Five lawsuits from religious figures involved in the Christian, Jewish, Unitarian Universalist, and Buddhist faiths were filed on Monday against a new Florida ban on almost all abortions after 15 weeks of pregnancy.
The ban went into effect earlier this month, and it contains no exceptions for cases involving rape or incest, although there are exceptions for situations where the pregnant person’s life is in danger. The law also has exceptions for circumstances in which the pregnant person could sustain certain, serious injuries and where a fatal fetal defect was detected. The cut-off point is earlier than states could ordinarily restrict abortion before the Supreme Court’s recent conclusions in Dobbs, the case in which the conservative majority overturned Roe v. Wade and left state officials freer to regulate abortion according to their political ambitions. A total of seven religious leaders were participating in the newly filed litigation against the Florida abortion ban, and the group based its arguments on their religious beliefs, which — unlike the interpretations of faith traditions dominated by conservatives — support reproductive healthcare rights.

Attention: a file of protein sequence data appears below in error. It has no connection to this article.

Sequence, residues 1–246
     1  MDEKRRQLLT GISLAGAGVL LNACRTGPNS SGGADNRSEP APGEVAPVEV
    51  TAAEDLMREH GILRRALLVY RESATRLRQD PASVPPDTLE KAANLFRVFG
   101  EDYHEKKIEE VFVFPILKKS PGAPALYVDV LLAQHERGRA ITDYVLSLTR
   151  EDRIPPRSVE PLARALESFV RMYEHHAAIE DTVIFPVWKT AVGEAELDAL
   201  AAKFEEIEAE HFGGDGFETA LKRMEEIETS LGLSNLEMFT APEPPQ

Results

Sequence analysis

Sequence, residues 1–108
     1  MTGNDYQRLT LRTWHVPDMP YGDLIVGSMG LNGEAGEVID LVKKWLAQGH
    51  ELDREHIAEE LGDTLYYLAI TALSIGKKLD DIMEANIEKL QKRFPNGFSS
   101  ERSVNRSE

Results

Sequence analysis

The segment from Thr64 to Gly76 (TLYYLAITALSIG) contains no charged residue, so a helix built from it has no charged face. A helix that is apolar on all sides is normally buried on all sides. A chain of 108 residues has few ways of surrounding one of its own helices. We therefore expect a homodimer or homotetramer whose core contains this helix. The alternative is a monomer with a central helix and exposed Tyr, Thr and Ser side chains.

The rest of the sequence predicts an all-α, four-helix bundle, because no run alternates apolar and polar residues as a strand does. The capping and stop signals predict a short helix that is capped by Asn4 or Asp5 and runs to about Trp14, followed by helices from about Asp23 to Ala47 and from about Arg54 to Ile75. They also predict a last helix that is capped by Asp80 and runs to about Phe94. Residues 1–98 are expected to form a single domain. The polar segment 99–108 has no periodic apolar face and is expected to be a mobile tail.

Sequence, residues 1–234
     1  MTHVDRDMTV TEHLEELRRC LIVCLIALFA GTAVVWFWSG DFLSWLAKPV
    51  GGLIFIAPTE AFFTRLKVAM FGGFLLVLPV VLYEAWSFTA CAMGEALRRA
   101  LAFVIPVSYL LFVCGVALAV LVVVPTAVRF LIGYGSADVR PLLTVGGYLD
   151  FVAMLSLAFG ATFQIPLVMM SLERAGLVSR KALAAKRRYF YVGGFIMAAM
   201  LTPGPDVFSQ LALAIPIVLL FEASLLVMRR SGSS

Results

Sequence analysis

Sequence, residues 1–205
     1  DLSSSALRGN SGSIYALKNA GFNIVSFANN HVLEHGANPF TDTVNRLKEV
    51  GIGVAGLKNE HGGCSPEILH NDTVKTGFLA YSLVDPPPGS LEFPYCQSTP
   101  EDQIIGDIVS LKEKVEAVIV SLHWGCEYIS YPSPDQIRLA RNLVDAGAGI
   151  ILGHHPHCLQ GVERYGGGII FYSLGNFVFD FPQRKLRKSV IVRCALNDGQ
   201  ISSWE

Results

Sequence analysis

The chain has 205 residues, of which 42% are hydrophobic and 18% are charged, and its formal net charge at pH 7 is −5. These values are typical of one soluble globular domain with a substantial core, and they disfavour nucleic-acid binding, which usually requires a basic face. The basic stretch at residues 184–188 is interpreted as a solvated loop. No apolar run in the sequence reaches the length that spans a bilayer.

The Rev. Laurie Hafner, a minister at a southern Florida church associated with the Christian denomination known as the United Church of Christ, told The Washington Post: “The religious right has had the resources and the voices politically and socially to be so loud, and frankly, they don’t represent the Christian faith… Those of us on the other side, with maybe a more inclusive voice, need to be strong and more faithful and say: ‘There is another very important voice.'” The new lawsuits — including one in which Hafner is involved — employ largely identical language. The Ron DeSantis-touted abortion ban establishes “a pernicious elevation of the legal rights of fetuses while at the same time it devalues the quality of life and the health of the woman or girl who is pregnant. It is in direct conflict with Plaintiff’s clerical obligations and faith and imposes severe barriers and substantial burdens to their religious belief, speech and conduct,” according to each case.
Others challenging abortion-related regulations pushed by Republicans are also using arguments that the demands are in conflict with principles of religious liberty. There was a court case filed in Florida by a Jewish congregation in southern Florida before the 15-week abortion ban took effect, and interests challenging Indiana regulations demanding that fetal tissue from abortions and miscarriages be buried or cremated said those measures forced residents of Indiana “to act in accordance with the State’s view of personhood irrespective of their own beliefs about the status of developing human life.” In Florida, Republican Governor Ron DeSantis already indicated after Roe was overturned he’d be interested in additional state-level abortion restrictions. Read more at this link.